[…] I want nonetheless to call into question the ‘‘privilege’’ or priority which Derrida’s thought continues to extend to living, life, and living beings. For it appears that, in Derrida, ethics coincides with the realm of the living, no longer affording priority to human beings but, nonetheless, operative within the sphere of the living. Is ethics inescapably bound with life, limited to beings that can be said to be alive, and thus exclusive of beings that cannot claim the status of the living? (24)

 

Does an ethics need to be based on the notion of the face, which, as Derrida shows, can be extended to animals but certainly fails to include non-living beings? (24)

 

While ‘‘world’’ is a complex and evolving notion throughout Heidegger’s work, I want to highlight here the way in which the thought of Da-sein (the term denotes ‘‘existence’’ in German but hyphenated by Heidegger comes to refer idiomatically to ‘‘being-there’’ as characteristic of the human mode of being) from the start moves the emphasis away from life to the import of the nonhuman and the non-living (world, being, event) in understanding the human. (25-26)

 

In this context Da-sein (being-there), where the hyphen marks precisely the site (Da) of the relation to being (Sein), refers to the clearing or lightening (Lichtung) as the opening out into the

dimension which can then be spanned by humans. Understood this way, Dasein, as Heidegger put it in Mindfulness, is in its unfolding (Wesen), in its becoming essential, non-human: ‘‘Da-sein is not man but that through which the ‘dehumanization’ [Entmenschung] of man (the overcoming of the ‘historical’ animal) becomes possible, since Da-sein above all provides beforehand the site for the exposedness of man unto being…Da-sein is not just the ground of man’’ (Mindfulness 186). (26)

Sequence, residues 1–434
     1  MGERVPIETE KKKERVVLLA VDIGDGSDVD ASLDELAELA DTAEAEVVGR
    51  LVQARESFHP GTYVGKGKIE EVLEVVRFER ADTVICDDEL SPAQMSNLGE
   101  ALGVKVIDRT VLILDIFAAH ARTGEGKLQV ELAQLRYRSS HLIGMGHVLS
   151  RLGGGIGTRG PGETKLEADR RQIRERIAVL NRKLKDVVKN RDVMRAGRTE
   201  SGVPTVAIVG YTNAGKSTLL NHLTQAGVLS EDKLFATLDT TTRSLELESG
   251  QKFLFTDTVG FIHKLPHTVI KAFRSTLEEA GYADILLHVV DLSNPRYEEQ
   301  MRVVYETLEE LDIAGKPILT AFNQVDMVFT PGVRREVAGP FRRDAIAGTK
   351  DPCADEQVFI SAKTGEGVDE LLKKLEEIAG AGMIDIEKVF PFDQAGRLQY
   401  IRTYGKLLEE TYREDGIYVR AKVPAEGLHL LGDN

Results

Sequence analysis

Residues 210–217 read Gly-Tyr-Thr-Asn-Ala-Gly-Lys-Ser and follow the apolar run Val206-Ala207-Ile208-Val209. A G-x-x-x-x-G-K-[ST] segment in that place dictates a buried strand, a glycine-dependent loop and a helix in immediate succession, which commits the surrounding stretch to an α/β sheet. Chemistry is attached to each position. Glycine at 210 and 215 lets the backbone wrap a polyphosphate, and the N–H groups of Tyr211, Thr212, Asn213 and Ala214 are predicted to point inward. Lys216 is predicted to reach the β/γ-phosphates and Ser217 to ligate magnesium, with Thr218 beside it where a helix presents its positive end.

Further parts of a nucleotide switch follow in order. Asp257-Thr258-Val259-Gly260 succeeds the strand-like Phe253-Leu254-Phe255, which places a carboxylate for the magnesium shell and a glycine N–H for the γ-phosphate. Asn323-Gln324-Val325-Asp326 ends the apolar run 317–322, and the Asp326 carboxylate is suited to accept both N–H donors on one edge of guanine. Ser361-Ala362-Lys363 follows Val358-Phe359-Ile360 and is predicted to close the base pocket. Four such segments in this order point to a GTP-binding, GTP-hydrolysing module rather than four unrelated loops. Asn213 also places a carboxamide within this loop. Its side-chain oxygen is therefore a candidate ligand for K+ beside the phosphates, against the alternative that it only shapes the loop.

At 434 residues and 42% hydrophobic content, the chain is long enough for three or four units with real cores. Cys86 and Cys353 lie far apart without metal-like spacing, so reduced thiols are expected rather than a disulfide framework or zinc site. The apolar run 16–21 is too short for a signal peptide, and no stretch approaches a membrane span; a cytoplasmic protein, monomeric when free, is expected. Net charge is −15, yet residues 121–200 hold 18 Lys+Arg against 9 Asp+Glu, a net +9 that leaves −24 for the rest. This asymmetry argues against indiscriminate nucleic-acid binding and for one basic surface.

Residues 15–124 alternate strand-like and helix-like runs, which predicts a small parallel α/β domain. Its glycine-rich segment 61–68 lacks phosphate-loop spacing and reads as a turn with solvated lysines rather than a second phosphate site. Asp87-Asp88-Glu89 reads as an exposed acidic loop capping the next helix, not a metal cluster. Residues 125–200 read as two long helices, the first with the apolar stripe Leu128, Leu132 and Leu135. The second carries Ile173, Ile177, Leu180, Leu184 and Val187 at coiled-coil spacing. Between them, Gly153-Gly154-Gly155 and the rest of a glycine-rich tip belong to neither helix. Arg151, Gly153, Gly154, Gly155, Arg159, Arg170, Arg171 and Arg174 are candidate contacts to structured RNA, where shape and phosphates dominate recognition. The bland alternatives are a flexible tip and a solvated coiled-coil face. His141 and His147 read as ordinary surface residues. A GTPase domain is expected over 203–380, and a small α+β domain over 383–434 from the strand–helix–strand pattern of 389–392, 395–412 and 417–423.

Heidegger’s is a thinking which proceeds by way of a certain ‘‘topology’’ of sites and the relatedness they open and span, rather than being primarily determined by or limited to beings. This is why Dasein is not about beings to begin with, whether living or non-living, but about being, which needs to be thought for Heidegger in terms of the event (das Ereignis) and not life. This site marked as the Da happens as the between opening the dimensionality and meting out the relations configuring the world, the between irreducible either to the non-living or to the living: it is the meting out of the span of their (un)folding. (26)

 

It is because of this emphasis on being – over and beyond beings – that Heidegger undertakes repeated critique of life, living beings (Lebewesen) and lived experience (Erlebnis). Key to understanding this ‘‘critique’’ of life is the distinctive manner in which Heidegger thinks mortality primarily not in relation to living and its unavoidable cessation but instead by way of openness of Da-sein to the singular and one-time occurrence (event) of the world. (26)

 

Mortality in this context refers not so much to the cessation of life as it does to the attunement